Sunday, 30 September 2018

Hello Autumn, Goodbye Mental Health

Well hello!

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This week, we crept into autumn.  For most of my life, it's been my favourite season - the tumble of leaves, the kaleidoscope of colours, the blessed relief of cooler temperatures and (yes, I was that child), the excitement of going back to school.

Autumn always felt like the season that matched my soul.  In many ways it was like the rebirth of my year (echoes of back to school, I think) and I used to adore the slow, thrilling slide towards Christmas and all things darker (including the season of the witch).

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Nearly 20 years ago that all changed when my mother died, and now, Autumn is just a long, drawn out, painful echo of everything I lost when she died, and it puts me in a 4 month funk that is really hard to break.  It leaves me weak, and depression gleefully sneaks into my cracks.

So why specifically does Autumn break me?  Well, for a start the Autumn Equinox is on September 23rd, my mother's birthday.  It's like the very shift of the season rings a death bell and peels the scab off my loss.  It's September 23rd, welcome to absence.

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Then the nights begin to darken, the days get shorter,and the mornings arrive in a shroud of gloom.   Some days, it's very hard to get out of bed and greet the dark, especially when you know that for 3 solid months, it's just going to get darker every day.  And suddenly, just like that, my mood syncs with the season, and each day gets darker, duller, drearier.

I used to laugh at people who claimed they had SAD (Seasonal Affective Disorder), but do you know what?  These days, I love spring.  I crave the crawl towards April and the moment the days get brighter and lighter - and I mean lighter in both senses of the word.  It's as if the greater stamina of the sun lifts my soul.

So on we trawl through autumn, days getting darker, and markers of death at every turn - grandparents no longer here, relationships that ripped me to pieces, last memories of my mother.  It all accumulates.  Every day on dark roads filled with wankers and potholes, I feel I dodge my death as I travel back and forth to work.  Me and the A1 and darkness, it's a combination which scares the crap out of me.

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And then it's December 3rd, the anniversary of the day my mother died, and when my life changed forever.  I didn't just lose a parent.  I lost a best friend, a soulmate, a sounding board - my sanity.   As the years have passed, this day passes more easily, but occasionally there will be a little pyschic hiccup to remind me of the pain.

What keeps me going at this point is that we're only 3 weeks from the Winter Solstice, the official shortest, darkest day.  Once we hit here, I know it gets better.  Everything will begin to lift and lighten ...  as long as I get through Christmas.

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Christmas used to bring me so much pleasure.  Decorating the tree, picking exciting presents, drinking snowballs, driving people mad with my impatience.   All that changes when you get divorced and you no longer get to have the child every Christmas.  Even though you didn't choose to separate, you get to pay the price, and who wants to sit alone in a house where Christmas mocks you?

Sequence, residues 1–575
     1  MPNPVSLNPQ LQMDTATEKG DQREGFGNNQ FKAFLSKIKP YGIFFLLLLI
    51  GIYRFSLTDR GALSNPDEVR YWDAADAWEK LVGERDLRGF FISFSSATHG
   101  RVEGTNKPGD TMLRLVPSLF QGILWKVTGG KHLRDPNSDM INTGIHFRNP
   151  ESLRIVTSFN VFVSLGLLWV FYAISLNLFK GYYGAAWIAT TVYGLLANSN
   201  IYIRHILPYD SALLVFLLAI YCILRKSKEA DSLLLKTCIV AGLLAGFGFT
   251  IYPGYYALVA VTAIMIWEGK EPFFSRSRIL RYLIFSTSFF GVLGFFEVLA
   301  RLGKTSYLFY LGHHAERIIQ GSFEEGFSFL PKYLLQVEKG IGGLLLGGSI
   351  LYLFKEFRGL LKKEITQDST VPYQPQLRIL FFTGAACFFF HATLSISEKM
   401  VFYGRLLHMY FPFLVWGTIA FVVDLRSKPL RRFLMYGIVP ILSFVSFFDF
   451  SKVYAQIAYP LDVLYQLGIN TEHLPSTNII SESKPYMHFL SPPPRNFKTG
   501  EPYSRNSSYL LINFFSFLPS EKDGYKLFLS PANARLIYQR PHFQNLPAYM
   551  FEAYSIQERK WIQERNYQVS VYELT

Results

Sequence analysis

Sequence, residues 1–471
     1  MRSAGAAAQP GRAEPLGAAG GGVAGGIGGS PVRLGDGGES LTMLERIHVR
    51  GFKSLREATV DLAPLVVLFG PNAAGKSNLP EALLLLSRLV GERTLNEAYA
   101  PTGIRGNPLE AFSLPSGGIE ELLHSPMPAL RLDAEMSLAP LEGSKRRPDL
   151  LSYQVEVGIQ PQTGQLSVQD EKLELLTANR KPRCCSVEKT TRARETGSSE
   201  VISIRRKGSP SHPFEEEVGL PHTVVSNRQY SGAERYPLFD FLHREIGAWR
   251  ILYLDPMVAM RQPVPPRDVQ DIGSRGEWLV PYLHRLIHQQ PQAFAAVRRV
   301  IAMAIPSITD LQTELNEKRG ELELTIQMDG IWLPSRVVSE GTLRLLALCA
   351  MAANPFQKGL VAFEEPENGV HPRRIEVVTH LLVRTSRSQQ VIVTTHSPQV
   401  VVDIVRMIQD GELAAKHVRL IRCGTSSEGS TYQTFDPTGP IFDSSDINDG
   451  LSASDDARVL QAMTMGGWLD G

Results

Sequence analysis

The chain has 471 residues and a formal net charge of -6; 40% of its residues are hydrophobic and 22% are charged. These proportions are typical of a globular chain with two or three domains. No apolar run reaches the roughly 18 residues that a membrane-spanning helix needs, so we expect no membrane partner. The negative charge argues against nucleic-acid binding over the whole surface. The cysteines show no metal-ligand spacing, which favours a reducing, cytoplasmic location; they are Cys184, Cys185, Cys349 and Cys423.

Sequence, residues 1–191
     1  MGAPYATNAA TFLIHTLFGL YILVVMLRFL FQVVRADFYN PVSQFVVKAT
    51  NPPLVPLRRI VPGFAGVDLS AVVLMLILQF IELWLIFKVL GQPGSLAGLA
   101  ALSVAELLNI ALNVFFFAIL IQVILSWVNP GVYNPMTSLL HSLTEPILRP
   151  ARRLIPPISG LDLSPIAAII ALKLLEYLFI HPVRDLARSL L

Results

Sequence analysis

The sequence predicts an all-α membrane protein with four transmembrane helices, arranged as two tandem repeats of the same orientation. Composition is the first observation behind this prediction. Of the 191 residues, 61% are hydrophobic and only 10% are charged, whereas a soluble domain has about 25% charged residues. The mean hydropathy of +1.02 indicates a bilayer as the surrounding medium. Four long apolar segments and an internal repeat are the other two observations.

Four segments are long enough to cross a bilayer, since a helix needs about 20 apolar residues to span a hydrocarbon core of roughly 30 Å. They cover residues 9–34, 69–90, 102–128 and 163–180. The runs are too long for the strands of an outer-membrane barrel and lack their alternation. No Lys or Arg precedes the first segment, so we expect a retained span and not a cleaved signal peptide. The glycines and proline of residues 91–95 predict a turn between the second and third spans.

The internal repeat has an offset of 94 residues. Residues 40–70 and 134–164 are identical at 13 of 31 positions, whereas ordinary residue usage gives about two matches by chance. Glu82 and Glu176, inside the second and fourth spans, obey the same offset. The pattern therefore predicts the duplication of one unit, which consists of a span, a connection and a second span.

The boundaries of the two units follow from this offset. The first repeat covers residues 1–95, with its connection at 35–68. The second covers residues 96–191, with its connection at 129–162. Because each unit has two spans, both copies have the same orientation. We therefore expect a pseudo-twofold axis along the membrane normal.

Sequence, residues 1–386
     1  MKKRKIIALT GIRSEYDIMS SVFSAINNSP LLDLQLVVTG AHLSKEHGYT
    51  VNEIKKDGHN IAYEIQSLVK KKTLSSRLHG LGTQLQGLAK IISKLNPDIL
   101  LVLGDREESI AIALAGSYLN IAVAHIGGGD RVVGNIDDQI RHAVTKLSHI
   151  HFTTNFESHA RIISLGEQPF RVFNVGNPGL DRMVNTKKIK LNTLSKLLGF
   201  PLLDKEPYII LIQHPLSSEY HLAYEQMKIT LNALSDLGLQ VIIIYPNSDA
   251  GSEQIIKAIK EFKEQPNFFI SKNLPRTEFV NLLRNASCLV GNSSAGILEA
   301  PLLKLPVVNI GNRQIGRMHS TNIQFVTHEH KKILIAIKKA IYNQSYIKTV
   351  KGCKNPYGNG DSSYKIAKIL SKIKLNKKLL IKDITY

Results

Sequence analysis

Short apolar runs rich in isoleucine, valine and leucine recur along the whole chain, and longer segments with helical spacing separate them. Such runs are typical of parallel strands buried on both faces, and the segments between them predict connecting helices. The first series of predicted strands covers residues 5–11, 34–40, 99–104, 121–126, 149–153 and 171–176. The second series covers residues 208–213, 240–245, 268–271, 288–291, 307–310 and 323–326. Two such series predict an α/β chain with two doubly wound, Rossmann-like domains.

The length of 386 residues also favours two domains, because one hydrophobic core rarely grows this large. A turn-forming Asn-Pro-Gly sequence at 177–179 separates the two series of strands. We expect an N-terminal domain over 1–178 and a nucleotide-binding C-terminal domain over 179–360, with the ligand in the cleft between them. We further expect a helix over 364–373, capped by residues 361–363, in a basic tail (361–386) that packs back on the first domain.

So I no longer do Christmas.   Of course I buy gifts for the daughter, but I don't do the hoopla.  It's pretty much like any other week in our house.  I can't even be arsed with Christmas music anymore - they represent a happiness that is no longer mine, and frankly, they just piss me off.

So on Christmas Day, we eat what we want.  One year we had sausage and mash, another year, curry (I'm not a fan of roasts).   We treat ourselves, but non-traditionally, and as for Beth, well she gets the whole hoopla at the other house, so she's fine.  And once Christmas is gone, (and the icy death trap roads are clear) things get easier.  I know I'm past the worst, and soon Spring will be here.

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So how am I today?  Well, scattered.  Scattered is my first stage symptom, where it's a battle to keep my mind on track, fearless, and WHOLE.  It's when it gets hard to focus, do stuff and COMMIT to living (and I don't mean that not committing to living means wanting to die; no,it means wanting to do nothing).

But today I am a little brighter than yesterday (hence why there was no blog post yesterday), and with each year that passes I understand more how to keep myself on an even keel.   Anxiety however, doesn't like to be left out, so currently my stomach is in knots waiting to get my car through it's MOT and the house through its inspection, and the extension of my tenancy.

But Matt Haig has helped.   I've mentioned his book, Notes on a Nervous Planet, so often, but it's almost a form of medicine.   My car gets MOT'd on Wednesday.  Sat here on Sunday, there is NOTHING I can do to affect that outcome.   I need to enjoy the moment until the moment changes, and not worry about it 1 second before.   Of course that is sooooooooo much easier said than done, but at least I recognise it now, and I can try and keep the panic in the box.

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Now for those of you who actually see me on a daily basis, you probably won't notice any change in me.  One of the things about depression - we are MASTERS at having a game face.  We're actors.   We know how to cover the cracks externally whilst we're weeping and bleeding on the inside.

So, autumn.  Bit shit.  Christmas, can't be arsed.   But soon, soon it will be Spring.  And the darkest hour is ALWAYS before dawn.

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